7
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Funny thing, the following test works:

    [TestMethod]
    public void Iterate_Once()
    {
        var x = new[] { 1, 2, 3, 4, 5, 6 }.ToIterable();
        CollectionAssert.AreEqual(new[] { 1, 2 }, x.Take(2).ToArray());
        CollectionAssert.AreEqual(new[] { 3, 4, 5 }, x.Take(3).ToArray());
    }

Where:

static class Iterable
{
    public static IEnumerable<T> ToIterable<T>(this IEnumerable<T> source)
    {
        var it = source.ToList().GetEnumerator();
        return once();

        IEnumerable<T> once()
        {
            while (it.MoveNext())
                yield return it.Current;
        }
    }
}

That should be safe to do not dispose an iterator of in-memory collection.

Please do not put me in jail for that :)

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  • 1
    \$\begingroup\$ IMO this is more of a theoretical than a review question, but could you please explain your assertion "that should be safe to do not dispose of in-memory collection" - at least for me? \$\endgroup\$ – Henrik Hansen Oct 12 at 5:49
  • 1
    \$\begingroup\$ @HenrikHansen We use List<T> iterator here which is IDisposable. I bet that this concrete Dispose() implementation does nothing, so it should be safe to do not invoke it. \$\endgroup\$ – Dmitry Nogin Oct 12 at 5:57
  • 2
    \$\begingroup\$ OK, betting is a strange kind of development paradigm and relying on an implementation detail is likewise probably not a good idea :-). BtW: the meaning of x.Take(3) (after calling x.Take(2)) is somewhat different than the normal behavior on this kind of IEnumerable<T> return by ToIterable(). Further will for instance x.Take(3); x.Any(i => i == 1); return false for Any(), and many other IEnumerable<T> linq-apis will behave unexpectedly on this kind of IEnumerable<T>. IMO you're mixing two distinct concepts that should be kept distinct. \$\endgroup\$ – Henrik Hansen Oct 12 at 7:51
  • \$\begingroup\$ Why would you do this and not just use ToArray or ToList? \$\endgroup\$ – CharlesNRice Oct 12 at 12:27
  • 2
    \$\begingroup\$ I see what you doing now. You want something like obserable.publish \$\endgroup\$ – CharlesNRice Oct 12 at 14:07
1
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So what you are trying to do is to have an implementation of IEnumerable<T> which has a singleton IEnumerator<T>? Why not implement that explicitly, instead of using undocumented (?) behaviour of List<T>'s iterator?

Simply create a class that consumes a IEnumerable<T>, takes its iterator and wraps it in an implementation of IEnumerator<T> that has a dysfunctional Reset method. IEnumerator<T>.GetEnumerator() can then return the instance to that same iterator instead of creating a new one for each call. It could look something like this:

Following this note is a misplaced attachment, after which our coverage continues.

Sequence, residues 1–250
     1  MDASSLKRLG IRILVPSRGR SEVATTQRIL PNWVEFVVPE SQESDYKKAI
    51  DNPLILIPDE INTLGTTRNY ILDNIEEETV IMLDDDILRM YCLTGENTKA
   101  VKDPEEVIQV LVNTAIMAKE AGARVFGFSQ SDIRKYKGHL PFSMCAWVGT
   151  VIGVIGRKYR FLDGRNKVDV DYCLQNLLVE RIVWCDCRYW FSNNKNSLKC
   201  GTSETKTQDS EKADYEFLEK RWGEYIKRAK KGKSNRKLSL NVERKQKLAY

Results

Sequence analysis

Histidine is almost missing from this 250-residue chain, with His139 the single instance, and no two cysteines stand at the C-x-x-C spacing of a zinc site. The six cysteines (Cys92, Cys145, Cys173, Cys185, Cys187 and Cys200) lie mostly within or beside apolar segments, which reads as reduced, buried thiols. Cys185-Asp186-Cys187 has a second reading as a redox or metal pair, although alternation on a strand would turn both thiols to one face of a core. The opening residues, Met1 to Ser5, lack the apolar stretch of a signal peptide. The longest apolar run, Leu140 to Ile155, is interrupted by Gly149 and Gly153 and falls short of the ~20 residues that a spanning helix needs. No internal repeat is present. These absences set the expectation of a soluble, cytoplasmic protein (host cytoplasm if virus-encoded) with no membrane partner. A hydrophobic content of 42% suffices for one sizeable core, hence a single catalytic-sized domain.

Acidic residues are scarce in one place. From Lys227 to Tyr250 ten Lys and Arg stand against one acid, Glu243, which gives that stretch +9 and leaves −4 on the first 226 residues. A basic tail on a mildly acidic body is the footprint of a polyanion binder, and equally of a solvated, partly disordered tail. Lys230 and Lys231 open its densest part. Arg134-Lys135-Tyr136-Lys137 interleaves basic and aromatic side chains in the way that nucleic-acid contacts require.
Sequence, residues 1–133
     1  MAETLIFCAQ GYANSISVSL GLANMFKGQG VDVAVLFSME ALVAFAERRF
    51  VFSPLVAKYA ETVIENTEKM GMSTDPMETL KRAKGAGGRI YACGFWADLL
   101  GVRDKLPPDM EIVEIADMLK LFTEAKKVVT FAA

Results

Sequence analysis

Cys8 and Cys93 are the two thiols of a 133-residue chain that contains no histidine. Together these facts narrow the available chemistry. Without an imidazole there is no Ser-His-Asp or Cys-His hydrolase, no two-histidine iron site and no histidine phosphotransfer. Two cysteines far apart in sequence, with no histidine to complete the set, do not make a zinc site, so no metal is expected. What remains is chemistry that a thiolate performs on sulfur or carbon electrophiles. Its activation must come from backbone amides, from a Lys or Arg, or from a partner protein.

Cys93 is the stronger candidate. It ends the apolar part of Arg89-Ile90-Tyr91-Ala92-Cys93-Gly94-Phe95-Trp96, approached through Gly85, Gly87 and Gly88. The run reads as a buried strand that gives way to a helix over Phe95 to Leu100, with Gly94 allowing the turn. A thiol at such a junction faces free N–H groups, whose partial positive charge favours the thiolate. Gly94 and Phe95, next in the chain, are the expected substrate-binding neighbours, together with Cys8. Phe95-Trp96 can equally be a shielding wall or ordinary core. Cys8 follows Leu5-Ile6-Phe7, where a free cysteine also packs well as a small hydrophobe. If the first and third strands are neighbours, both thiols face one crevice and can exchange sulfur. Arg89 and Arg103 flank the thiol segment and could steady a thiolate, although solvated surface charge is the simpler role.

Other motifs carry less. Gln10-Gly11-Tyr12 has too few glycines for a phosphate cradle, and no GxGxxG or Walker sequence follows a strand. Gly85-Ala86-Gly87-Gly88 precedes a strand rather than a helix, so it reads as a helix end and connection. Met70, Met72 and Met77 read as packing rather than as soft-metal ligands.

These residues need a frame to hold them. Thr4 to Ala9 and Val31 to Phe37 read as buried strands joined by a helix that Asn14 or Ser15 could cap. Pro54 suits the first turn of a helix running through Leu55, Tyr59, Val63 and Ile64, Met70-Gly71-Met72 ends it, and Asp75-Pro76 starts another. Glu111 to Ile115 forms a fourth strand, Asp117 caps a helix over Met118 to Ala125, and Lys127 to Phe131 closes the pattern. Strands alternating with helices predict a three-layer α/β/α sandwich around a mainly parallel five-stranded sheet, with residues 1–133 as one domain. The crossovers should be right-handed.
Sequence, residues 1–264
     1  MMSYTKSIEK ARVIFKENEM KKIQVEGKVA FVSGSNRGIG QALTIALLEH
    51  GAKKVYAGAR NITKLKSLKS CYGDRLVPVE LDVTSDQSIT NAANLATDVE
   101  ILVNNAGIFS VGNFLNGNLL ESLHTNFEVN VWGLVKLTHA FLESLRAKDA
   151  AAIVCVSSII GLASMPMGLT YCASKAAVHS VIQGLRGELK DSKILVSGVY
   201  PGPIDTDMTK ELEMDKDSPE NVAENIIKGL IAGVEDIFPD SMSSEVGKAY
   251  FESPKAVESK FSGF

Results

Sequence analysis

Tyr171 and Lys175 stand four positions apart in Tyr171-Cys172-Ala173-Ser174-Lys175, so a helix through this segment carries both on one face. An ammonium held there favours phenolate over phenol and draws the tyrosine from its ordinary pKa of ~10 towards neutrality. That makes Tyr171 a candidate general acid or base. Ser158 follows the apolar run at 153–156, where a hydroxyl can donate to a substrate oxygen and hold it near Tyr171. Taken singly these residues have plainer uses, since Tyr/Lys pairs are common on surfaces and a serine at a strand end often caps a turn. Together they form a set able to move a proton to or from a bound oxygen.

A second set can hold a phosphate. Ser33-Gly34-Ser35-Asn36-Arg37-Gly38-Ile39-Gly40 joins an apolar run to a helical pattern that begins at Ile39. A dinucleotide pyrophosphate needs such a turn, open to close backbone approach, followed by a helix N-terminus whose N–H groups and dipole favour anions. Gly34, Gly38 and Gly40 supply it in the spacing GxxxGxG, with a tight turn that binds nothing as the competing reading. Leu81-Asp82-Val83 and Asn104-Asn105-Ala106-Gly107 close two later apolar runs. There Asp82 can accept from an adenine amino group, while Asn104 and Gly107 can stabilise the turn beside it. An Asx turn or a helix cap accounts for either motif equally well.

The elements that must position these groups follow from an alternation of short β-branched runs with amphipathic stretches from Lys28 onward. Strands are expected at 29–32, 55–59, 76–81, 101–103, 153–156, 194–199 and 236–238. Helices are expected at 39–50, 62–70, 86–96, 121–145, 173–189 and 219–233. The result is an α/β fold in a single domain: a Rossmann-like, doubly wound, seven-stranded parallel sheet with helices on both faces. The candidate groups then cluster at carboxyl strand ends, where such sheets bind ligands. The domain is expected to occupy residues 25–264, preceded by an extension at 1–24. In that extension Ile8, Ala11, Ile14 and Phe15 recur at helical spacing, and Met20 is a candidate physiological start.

public class OnlyOnceIterator<T> : IEnumerable<T>, IEnumerator<T> {
    private readonly IEnumerator<T> enumerator;
    internal OnlyOnceIterator(IEnumerable<T> sequence) {
      enumerator = sequence.GetEnumerator();
    }

    public T Current => enumerator.Current;

    object IEnumerator.Current => enumerator.Current;

    public void Dispose() {
      enumerator.Dispose();
    }

    public IEnumerator<T> GetEnumerator() => this;

    public bool MoveNext() {
      return enumerator.MoveNext();
    }

    public void Reset() {
      return;
    }

    IEnumerator IEnumerable.GetEnumerator() => this;
  }

This could then be used in an extension method:

  public static OnlyOnceIterator<T> ToOnlyOnceIterator<T>(this IEnumerable<T> sequence) {
    if (sequence == null) {
      throw new System.ArgumentNullException(nameof(sequence));
    }

    return new OnlyOnceIterator<T>(sequence);
  }

Additionally, I would prefer a more specific return type than IEnumerable<T>, since the returned behaviour is significantly different to what any user might expect from IEnumerable<T>. Consider creating a new interface that inherits from IEnumerable<T> with a more descriptive name. Through inheritance, Linq will still be able to be used, and you can create methods that only accept this specific interface, (compare this to IOrderedEnumerable<T>).

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  • 1
    \$\begingroup\$ I bet it will not work with EF as you would dispose original decorated iterator on the very first run. \$\endgroup\$ – Dmitry Nogin Oct 12 at 16:30
  • \$\begingroup\$ The points you make are all valid, but I also believe @DmitryNogin is right on this one. \$\endgroup\$ – Denis Oct 12 at 17:41
  • \$\begingroup\$ @DmitryNogin You might be right, I have no experience with EF. Maybe changing the implementation of OnlyOnceIterator.Dispose to not dispose the enumerable (I overlooked that) might work. OTOH, in your answer you are eagerly evaluating your input sequence, so if you immediately consume that, that would mitigate the disposing risk as well. \$\endgroup\$ – JAD Oct 12 at 17:47
0
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I think the following would be the reasonable approach to implement it. Please note that To prefix in ToIterable documents full sequence materialization as framework design guideline naming conventions dictate - compare to As prefix.

It would be interesting to figure out how AsIterable could be done :)

public static class Iterable
{
    public static IEnumerable<T> ToIterable<T>(this IEnumerable<T> source)
    {
        var array = source.ToArray();
        var i = 0;
        IEnumerable<T> once()
        {
            while (i < array.Length)
                yield return array[i++];
        }

        return once();
    }
}
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